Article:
Annual Report 2016 | Federal Reserve Bank of St. Louis
Our Leadership in Literacy
Everyone needs to have an understanding of how the economy works to compete in today's world. Yet, as a society, we have underinvested in economic education and financial literacy. In serving in my role as CEO of the St. Louis Fed, I often hear from business, civic and community leaders that the current workforce must be more financially trained for us all to advance.
Statistics confirm that there is much room for improvement. A recent survey of American adults included several questions designed to assess the level of financial literacy in the population.1 The survey showed, for instance, that only 33 percent of respondents correctly answered a question about how long it would take for debt to double with a given interest rate that is compounded annually. As another example, only 59 percent of respondents recognized that money in a savings account would buy less one year later if the inflation rate was higher than the return on savings.
Other questions in the survey covered topics such as saving and planning. In this area, the survey revealed that only 58 percent of non-retired respondents have a retirement account, and only 41 percent of those with financially dependent children report saving for their children's college expenses.
What can we at the St. Louis Fed do about these shortcomings? We know from our research, programs and outreach that economic education and financial literacy are critical building blocks to teach individuals how to secure a good-paying job, pay their bills, plan for their future and that of their families, and be good citizens. We also know that economic education must start when children are young—preschoolers even—and continue into adulthood and retirement. That is why the St. Louis Fed has made a significant commitment in terms of investment and resources to advance economic education for all.
Our educational efforts matter because an individual's financial decisions—both good and bad—ripple out to others. What affects households can, in turn, impact communities and, from there, can positively or negatively influence the soundness of the economy overall.2
A Leader in the System
The St. Louis Fed is a leader in the Federal Reserve System when it comes to developing programs that enhance financial literacy and economic education. We are also skilled here at our Bank in applying rigorous research-based methods to track pre- and post-test outcomes for students, which help us validate the quality and effectiveness of the materials we create.
As you will see in this report, everyone can use our education materials, and there is something for everyone—from stories for preschoolers to lesson plans for use in kindergarten through college to online resources for parents, seniors and, of course, teachers at all levels. All are easily accessible via www.stlouisfed.org/education. And all are free.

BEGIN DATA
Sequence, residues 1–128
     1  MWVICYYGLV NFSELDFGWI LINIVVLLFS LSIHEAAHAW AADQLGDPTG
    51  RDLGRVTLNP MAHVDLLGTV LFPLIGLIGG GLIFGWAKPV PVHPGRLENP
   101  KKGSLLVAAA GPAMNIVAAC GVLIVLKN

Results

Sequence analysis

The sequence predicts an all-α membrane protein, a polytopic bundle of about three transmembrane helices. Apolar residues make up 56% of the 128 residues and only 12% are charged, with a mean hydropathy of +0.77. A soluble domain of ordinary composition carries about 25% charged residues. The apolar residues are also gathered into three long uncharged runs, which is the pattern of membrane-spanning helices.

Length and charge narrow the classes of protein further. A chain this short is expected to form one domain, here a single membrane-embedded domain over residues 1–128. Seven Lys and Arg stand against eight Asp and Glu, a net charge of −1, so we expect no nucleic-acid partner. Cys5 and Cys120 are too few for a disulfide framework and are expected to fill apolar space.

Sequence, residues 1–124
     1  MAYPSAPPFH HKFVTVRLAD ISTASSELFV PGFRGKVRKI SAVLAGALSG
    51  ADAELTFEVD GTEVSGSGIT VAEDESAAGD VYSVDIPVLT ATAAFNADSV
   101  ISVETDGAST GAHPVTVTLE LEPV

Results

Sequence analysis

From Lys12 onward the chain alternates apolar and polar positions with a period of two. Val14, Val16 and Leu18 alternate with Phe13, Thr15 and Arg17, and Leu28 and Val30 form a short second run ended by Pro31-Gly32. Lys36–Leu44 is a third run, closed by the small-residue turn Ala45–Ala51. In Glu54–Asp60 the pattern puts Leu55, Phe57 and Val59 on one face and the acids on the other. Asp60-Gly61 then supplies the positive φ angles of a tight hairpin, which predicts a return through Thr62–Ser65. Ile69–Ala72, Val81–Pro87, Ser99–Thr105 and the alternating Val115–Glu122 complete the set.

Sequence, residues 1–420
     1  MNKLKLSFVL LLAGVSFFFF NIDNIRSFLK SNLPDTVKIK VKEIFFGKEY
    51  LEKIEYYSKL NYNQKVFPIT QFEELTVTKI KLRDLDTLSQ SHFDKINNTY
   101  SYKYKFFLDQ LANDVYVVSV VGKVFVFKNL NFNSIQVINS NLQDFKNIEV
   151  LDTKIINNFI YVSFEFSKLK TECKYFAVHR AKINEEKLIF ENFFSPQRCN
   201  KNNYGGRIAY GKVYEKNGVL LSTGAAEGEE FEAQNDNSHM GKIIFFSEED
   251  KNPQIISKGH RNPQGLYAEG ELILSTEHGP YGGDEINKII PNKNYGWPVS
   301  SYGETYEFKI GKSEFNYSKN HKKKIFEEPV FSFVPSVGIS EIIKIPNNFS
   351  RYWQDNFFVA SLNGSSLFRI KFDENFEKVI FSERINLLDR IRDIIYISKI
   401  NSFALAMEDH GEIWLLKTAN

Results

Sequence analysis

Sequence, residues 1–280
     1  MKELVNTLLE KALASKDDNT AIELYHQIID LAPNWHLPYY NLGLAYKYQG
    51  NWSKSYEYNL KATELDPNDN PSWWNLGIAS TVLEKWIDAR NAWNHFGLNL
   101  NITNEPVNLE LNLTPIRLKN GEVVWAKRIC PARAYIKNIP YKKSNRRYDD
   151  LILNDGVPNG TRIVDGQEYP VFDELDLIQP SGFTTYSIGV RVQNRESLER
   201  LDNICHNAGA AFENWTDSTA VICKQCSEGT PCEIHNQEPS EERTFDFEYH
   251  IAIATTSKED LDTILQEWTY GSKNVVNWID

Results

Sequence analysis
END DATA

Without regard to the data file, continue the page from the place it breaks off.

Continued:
We think our efforts are paying off. In 2016, we reached nearly 500,000 students across the 50 states through teachers who attended our training programs. Also, for the first time, we crossed the 1-million threshold in online enrollments in our courses and videos. Given that there are about 50 million students in public schools alone in this country, we know there is a wider audience to reach.3
Our resources and efforts in advancing financial literacy go beyond the classroom, though. The economics expertise at the St. Louis Fed provides us with a unique opportunity and competitive advantage to lead in the field of financial literacy. For example, at our St. Louis headquarters, visitors can tour our interactive Inside the Economy® Museum to learn about the economy and their role in it—illustrating to the public how the choices one person makes can affect the macroeconomy. In addition, our Bank's Center for Household Financial StabilityTM conducts and shares research on household balance sheets, often focusing on such critical basics as mortgage debt, student loan debt and wealth discrepancies among different age groups, races and people with different levels of education.
Continuing the St. Louis Fed Tradition
All of these efforts are a continuation of the St. Louis Fed's pioneering tradition, established decades ago. In the 1960s and 1970s, the St. Louis Fed became known as the "maverick" among the 12 Federal Reserve banks around the country for its forethought on the link between inflation and monetary policy—before this idea became mainstream in the economics profession or within the Federal Reserve System itself. Likewise, the St. Louis Fed became a leader in amassing and presenting economic data in an accessible and objective way for anyone to use (again, free of charge).
This innovative mindset shines through today in many areas of our Bank. To name just a few:
Financial literacy is of utmost importance today. We know that educating the public about economic concepts can help make our communities financially stronger. Our leadership in advancing financial literacy and economic education furthers our public mission to strengthen the economy for the benefit of all.
President and CEO
Federal Reserve Bank of St. Louis